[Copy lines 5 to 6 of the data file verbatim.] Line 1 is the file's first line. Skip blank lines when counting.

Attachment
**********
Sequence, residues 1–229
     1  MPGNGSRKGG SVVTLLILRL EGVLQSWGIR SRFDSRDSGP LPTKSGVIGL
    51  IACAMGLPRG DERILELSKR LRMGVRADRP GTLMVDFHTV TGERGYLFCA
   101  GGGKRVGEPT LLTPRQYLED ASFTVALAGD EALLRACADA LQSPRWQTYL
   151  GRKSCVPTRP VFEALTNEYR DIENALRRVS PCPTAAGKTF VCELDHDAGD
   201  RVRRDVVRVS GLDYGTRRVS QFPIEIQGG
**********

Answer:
   151  GRKSCVPTRP VFEALTNEYR DIENALRRVS PCPTAAGKTF VCELDHDAGD
   201  RVRRDVVRVS GLDYGTRRVS QFPIEIQGG